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Painter's Statement

I am an exponent of the Vilde Chaya School of Digestive Expressionism. We are committed to the principle that a painting should express whatever the artist had for dinner the previous evening. For example, in the painting to the right, even a casual observer will notice my dinner of dolphin-safe tuna in spicy organic coconut sauce over brown rice with a glass of cheap red wine. Less obvious, perhaps, but apparent to more astute observers, are the three double espressos that accompanied a breakfast of toasted gluten-free bread.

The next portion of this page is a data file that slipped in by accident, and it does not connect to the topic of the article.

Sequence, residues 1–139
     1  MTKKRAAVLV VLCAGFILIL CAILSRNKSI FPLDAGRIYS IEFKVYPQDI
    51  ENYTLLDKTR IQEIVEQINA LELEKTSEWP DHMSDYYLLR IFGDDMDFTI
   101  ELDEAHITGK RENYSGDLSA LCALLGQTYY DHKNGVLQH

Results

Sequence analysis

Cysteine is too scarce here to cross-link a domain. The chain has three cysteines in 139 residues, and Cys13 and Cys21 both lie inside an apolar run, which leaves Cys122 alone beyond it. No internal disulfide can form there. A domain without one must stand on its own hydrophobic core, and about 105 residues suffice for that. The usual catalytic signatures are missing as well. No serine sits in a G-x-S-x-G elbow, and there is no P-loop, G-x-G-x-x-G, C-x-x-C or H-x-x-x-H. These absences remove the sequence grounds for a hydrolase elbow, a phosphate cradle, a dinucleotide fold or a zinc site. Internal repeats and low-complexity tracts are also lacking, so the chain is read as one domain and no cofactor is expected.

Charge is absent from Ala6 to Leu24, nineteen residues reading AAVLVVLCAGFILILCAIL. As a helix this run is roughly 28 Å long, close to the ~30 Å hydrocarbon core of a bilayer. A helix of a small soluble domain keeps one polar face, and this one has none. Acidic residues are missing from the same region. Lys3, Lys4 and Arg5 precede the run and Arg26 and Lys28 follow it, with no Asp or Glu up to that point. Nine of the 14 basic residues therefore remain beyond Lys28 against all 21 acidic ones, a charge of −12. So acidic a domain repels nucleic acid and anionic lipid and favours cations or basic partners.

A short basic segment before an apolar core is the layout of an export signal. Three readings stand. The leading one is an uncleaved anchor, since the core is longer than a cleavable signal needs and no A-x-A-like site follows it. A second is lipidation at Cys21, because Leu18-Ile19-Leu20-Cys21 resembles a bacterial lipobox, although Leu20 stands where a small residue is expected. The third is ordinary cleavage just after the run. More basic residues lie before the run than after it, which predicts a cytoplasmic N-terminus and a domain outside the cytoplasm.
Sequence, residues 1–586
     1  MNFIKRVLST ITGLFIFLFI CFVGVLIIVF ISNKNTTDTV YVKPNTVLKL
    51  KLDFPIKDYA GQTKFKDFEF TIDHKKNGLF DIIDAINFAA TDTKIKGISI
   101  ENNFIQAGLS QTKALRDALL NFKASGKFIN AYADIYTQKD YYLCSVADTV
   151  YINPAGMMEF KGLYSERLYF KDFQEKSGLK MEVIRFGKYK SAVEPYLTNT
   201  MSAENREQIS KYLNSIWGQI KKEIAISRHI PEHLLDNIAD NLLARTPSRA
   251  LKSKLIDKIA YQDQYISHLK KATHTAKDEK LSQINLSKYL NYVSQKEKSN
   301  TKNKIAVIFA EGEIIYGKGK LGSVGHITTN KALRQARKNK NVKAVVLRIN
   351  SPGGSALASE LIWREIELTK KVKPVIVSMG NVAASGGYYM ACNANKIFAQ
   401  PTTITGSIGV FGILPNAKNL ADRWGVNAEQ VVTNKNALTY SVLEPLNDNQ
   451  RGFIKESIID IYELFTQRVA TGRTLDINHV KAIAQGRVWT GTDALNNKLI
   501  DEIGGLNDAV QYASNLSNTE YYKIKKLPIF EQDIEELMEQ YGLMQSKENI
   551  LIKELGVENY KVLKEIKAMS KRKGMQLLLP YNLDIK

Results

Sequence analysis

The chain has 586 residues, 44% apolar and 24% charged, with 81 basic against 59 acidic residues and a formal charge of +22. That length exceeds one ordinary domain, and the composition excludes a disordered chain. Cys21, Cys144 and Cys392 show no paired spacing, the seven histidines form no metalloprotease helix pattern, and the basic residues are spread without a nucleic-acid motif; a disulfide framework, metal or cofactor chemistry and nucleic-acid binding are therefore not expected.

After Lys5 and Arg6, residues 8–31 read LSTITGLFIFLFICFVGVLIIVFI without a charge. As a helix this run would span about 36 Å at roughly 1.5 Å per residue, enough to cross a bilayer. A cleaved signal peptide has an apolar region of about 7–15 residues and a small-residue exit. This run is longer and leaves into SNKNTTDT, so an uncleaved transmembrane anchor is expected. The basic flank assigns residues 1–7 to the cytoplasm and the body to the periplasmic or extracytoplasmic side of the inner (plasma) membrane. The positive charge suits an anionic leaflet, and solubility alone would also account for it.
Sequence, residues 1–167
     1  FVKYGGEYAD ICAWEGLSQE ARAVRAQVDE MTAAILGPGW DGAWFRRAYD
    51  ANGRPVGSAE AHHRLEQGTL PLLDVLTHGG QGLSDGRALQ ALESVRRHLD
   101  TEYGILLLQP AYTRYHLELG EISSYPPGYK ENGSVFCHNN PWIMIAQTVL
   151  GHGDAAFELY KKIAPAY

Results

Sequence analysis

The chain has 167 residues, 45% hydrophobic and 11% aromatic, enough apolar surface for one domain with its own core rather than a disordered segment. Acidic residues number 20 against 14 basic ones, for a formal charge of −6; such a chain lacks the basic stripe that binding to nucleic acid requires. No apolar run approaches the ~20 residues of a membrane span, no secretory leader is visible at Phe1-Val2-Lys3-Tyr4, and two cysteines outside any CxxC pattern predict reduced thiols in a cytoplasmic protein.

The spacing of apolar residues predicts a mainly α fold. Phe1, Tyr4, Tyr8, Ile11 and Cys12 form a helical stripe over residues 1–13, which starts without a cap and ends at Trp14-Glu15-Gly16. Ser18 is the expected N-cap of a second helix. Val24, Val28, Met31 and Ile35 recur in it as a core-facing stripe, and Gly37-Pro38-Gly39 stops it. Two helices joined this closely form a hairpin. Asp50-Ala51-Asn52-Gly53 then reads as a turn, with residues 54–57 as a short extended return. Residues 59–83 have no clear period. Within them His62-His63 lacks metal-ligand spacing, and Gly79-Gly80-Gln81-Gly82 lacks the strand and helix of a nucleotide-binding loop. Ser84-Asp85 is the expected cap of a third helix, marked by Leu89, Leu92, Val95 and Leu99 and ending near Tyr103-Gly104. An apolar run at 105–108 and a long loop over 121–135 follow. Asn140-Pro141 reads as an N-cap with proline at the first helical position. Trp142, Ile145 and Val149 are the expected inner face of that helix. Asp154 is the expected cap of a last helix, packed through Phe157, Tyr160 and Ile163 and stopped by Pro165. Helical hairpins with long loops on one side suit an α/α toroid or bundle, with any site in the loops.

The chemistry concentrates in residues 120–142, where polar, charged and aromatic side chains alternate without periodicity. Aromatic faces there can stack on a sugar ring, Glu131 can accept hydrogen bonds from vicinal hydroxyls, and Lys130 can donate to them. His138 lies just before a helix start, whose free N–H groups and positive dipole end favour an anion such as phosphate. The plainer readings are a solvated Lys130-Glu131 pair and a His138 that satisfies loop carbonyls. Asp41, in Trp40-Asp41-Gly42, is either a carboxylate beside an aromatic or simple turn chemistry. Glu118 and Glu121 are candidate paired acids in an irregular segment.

Vilda Chayism originated in Tukum, Latvia early in the last century. Also known as the "Starvationists," the early Vilde Chayists produced many vivid expressions of sprouted potatoes and stale bread. Tragically, the narrow-minded critics of the day panned their work, calling them "nothing but a pack of useless vilda chayas." Sadly, few examples from this seminal "potato period" remain as they were painted on burlap sacks that tended to get reused. Long after the early Vilda Chayists had been forgotten, Portland artist David Slader revived the movement after an especially fine brisket and onion dinner.